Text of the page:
Even if one of the third-party websites is used, passengers themselves still have to complete the same form.[15] Concerns have been raised that third-party sites could be used for identity theft or credit card fraud.

See also[edit]


  1. ^ "Who must apply for ESTA". US Customs and Border Protection. Retrieved November 12, 2010. 
  2. ^ "Electronic System for Travel Authorization (ESTA) Online Help". US Customs and Border Protection. Retrieved November 12, 2010. 
  3. ^ "Arrival-Departure Record, CBP Form I-94W, for Visa Waiver Program (VWP) Applicants". July 19, 2010. Retrieved November 12, 2010. 
  4. ^ "Electronic System for Travel Authorization Compliance Now Required |ETB News Australia". Etravelblackboard.com. Retrieved 2014-05-20. 
  5. ^ "DHS, CBP Announce Interim Final Rule For ESTA Fee". CPB.gov. August 6, 2010.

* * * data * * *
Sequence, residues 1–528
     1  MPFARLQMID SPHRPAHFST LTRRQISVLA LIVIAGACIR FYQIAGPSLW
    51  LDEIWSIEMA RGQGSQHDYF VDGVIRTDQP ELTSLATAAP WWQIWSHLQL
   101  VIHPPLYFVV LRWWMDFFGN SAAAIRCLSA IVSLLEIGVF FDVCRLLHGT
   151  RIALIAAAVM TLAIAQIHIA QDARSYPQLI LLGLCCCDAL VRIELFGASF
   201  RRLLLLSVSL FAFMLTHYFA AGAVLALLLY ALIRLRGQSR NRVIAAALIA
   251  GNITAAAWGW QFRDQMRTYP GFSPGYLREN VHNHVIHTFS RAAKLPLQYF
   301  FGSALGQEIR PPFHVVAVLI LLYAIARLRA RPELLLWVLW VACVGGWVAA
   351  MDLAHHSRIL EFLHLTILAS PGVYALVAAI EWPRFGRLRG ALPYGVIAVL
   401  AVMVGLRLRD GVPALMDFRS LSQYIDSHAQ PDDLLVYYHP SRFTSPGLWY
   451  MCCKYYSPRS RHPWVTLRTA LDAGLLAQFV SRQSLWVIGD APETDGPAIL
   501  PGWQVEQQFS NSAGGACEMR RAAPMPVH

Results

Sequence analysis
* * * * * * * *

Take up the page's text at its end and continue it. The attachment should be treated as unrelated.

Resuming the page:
6. ^ "Travel Promotion Act of 2009 could have unintended consequences". September 4, 2009. Retrieved November 12, 2010. 
  7. ^ "European Parliament criticizes ESTA fee to fund travel promotion". Visabureau.com. 2010-09-27. Retrieved 2014-05-20. 
  8. ^ "Visa Waiver Program (VWP)". Travel.state.gov. 2014-03-31. Retrieved 2014-05-20. 
  9. ^ Citizens of Czech Republic, Estonia, Slovakia, Slovenia, Hungary, Latvia, Lithuania, Malta, South Korea, Greece, Taiwan and Chile are required to present electronic passports.
  10. ^ CBP Press Release[dead link]
  11. ^ "DHS Press Release". 
  12. ^ Industry Anxious About Planned U.S. Electronic Entry System: The Transnational
  13. ^ 'Travelling to the US Without a Visa,' http://www.usvisalawyers.co.uk/article6.htm
  14. ^ "Visa Waiver Program – Embassy of the United States Canberra, Australia". United States Foreign Service. Retrieved February 28, 2012. 
  15. ^ "Beware of ESTA Scams". US Embassy in London. March 25, 2009. Retrieved November 12, 2010. 

External links[edit]